I know what I do everyday isn’t most people’s idea of a good time, but there are always people out there who think they would love nothing more than to rise at 1 am, don a face mask (white lung is a serious condition, people) and stick their head in a 600 degree oven (in a nice way). This makes me smile. I got into baking before I knew what I would be up to. So, every once in a while (read: once a week) someone calls us at the bakery and has read all about bread and wants to see what goes on behind the little red door. Some have no experience, some used to bake when they were younger, and are looking for a career change or a business plan. In a wierd way, I think they want to be inspired. They want to see something incredible, and that feels nice. We work hard, and I don’t mind saying a little flattery goes a long way. We can freak people out about how hard it is, or we can goad someone into a career that will change their sleep pattern and muscle distribution.

That being said, a woman came into the bakery a few months ago, wanting to watch us bake and such. She was hoping to get advice on starting her own bread business. I think she got a little more reality than she was hoping for. Since she arrived at 11 am, we were already either almost done with our day (Celine), or halfway finished with a grueling Saturday shaping shift (me). It was very nice to have someone watch with awe and say such nice things about us though, and I thought it would be fun for you all to see her post on her moment in the bakery.

A Hungry Girl

p.s. I am not an assistant. But hey…what can you do? 🙂

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Self-Indulgent Recap

about one year ago....

Lately, I have been treading water in holiday-land. You know, wading through lists, last-minute runnings about, and in general, just rushing my face off. I will now breathe.  Whew.

Hi. Welcome back. I feel better. I seriously did take a deep breath just then.

This past year…

It leaves me winded. What a complete suprise, a delight, the most incredible year yet. I know when I say this it sounds superfluous, fluffy, mindless. A lot of sadness encircled our world this last year too, but for the first year in a very long time, I felt that I was in the right place, at the right time, where I should be. Time and love aligned for me, and I was brought to a stellar job where I learned that I was actually capable of jumping head first into something, and with multitudes of work, becoming quite proficient at that skill. Maybe it’s just getting older or maybe it really is finding a little divot, settling into it, and discovering it was meant for you in the first place. So, as cliche as it may be, I wanted to make a little list.  Things that suprised me this year, that brought me joy, showed me a path, or otherwise made me feel warm, safe and in the right place….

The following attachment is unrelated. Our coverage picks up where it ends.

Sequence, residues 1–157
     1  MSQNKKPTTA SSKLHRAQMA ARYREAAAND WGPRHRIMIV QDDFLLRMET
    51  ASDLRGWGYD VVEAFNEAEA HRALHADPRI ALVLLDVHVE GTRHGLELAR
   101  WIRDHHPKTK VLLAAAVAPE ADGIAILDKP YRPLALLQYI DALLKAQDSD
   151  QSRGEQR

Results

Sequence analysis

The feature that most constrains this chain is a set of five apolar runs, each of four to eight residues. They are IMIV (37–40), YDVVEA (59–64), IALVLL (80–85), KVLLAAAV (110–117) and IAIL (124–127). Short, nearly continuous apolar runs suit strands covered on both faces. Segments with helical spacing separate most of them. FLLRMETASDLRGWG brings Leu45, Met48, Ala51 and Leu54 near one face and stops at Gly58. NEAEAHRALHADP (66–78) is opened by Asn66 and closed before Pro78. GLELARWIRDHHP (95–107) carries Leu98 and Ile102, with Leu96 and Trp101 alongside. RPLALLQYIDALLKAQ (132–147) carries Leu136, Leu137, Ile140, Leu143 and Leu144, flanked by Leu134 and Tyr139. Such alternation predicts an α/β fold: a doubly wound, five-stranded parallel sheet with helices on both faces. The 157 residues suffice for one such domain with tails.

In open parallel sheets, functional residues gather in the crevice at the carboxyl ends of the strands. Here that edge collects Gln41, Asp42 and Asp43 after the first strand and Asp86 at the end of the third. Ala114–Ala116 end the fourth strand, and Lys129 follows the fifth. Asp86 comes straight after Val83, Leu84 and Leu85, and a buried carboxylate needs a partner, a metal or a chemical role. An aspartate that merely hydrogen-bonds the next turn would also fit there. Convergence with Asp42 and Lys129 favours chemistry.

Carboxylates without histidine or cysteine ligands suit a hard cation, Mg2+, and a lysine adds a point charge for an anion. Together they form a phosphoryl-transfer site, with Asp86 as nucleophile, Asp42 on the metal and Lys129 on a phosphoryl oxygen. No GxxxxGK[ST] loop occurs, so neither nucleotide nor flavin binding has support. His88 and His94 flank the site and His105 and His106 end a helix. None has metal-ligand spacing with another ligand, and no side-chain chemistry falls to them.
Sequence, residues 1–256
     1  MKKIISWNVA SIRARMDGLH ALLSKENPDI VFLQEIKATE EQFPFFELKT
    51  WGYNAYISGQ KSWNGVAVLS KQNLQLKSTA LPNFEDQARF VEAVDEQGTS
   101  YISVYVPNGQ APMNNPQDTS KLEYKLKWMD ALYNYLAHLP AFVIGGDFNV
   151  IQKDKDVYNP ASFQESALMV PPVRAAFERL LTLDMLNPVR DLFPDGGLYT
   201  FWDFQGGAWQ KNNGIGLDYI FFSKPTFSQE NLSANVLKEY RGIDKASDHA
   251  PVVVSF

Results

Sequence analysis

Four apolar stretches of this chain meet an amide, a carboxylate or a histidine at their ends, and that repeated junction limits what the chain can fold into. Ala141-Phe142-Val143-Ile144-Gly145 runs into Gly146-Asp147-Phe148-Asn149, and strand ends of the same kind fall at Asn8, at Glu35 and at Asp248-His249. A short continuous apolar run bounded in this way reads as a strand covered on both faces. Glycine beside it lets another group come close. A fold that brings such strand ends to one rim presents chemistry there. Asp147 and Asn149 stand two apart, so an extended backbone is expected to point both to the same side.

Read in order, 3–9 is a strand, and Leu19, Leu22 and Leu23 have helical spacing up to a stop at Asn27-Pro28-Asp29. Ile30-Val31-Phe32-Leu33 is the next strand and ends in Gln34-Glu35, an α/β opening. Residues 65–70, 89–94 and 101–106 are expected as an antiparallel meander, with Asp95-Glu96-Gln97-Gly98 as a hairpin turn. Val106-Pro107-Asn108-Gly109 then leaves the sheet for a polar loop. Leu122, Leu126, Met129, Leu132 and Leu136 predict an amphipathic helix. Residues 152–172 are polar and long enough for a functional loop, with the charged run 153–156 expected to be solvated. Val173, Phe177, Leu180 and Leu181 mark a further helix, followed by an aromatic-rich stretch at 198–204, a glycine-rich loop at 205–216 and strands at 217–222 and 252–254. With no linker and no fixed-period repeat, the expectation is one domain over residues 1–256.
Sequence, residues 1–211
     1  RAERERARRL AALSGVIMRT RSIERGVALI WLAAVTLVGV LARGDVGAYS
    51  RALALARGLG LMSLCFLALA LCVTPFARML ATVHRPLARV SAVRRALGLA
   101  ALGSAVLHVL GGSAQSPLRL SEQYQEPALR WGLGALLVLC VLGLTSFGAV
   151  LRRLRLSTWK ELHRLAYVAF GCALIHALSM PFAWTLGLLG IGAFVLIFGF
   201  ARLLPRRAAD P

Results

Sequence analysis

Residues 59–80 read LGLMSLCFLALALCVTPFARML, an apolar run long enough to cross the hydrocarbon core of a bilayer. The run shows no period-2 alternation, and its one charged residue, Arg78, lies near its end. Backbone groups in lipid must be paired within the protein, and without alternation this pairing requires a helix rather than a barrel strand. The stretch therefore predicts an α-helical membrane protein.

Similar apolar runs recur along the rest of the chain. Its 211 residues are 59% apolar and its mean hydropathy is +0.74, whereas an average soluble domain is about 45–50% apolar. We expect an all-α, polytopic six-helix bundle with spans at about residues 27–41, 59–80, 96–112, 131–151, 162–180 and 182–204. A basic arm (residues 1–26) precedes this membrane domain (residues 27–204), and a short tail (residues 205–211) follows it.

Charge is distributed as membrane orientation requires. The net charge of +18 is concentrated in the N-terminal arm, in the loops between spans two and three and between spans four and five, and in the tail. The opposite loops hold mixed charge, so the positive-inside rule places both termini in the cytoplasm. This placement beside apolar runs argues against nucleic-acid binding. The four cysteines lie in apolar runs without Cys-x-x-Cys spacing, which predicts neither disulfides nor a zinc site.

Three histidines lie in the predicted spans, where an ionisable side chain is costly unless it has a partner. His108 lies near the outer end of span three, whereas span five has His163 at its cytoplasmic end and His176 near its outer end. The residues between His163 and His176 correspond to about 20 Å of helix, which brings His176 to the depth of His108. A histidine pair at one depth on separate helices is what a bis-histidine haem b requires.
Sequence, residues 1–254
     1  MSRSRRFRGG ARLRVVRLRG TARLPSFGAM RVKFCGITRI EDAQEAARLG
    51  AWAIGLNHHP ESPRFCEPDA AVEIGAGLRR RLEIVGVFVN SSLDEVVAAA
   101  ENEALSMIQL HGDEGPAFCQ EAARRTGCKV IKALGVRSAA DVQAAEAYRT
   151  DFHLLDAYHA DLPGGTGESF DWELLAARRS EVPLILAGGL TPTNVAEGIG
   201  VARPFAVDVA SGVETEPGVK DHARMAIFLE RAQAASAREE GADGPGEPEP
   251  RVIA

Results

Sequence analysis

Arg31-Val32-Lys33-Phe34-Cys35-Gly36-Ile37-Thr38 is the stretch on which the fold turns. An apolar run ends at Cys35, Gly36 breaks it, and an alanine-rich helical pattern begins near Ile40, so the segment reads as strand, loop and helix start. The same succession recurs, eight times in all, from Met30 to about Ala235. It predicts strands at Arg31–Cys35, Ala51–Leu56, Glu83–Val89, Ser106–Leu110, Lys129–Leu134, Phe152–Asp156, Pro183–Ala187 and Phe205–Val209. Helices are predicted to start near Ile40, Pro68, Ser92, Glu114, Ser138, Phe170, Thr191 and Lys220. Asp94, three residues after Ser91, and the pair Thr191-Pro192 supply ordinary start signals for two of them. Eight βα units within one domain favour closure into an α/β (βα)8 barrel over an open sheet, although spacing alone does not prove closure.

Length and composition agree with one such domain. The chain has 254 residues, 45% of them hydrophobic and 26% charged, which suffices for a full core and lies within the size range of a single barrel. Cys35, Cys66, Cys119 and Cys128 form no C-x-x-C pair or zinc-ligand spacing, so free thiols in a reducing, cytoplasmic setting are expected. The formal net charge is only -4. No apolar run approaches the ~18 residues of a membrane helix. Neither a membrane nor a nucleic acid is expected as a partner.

~Being adopted into a business, a family really, that would be patient, endlessly challenging, better than any culinary school (and way more messy), and ultimately show me who I am and what I am made of. I think I forgot I had a work ethic until this job. Baking has reminded me that a long time ago, I was proud of how hard I could push myself. I have become that girl again.  Thank you Celine. You have educated me and I will never forget it. Thank you for my giant muscles too. That should scare off any pushy bakers at my new job.

~Somewhere Fate is having a good guffaw, because this job, so secluded, remote and really quite anti-social (bakers are a sullen bunch) plopped me down right in front of my love. Just nudged me along till I found myself standing right in front of him, asking for bacon. Isn’t that how all good love stories begin?

~Moving out of San Francisco and allowing my life to slow to a speed which I could handle was one of the best choices I had made in a long time. Petaluma has been the warm blanket I needed to heal all the little blows the past few years had dealt me. This pastoral, idyllic little town brought me a house, women friends (sorely missing over the past few years), a bicycle, and a place I could walk all over and never lose sight of those green, green hills.

~Working in the food industry is a more like a real family than a fantasy one. There are mean big brothers, sweet and generous old aunties,  cool, trendy younger cousins and mothers you can always count on. Finding your role in this community is as valuable as when you find your own little niche in your family at home. You think, Oh, this is who I am, this is what I bring to the table.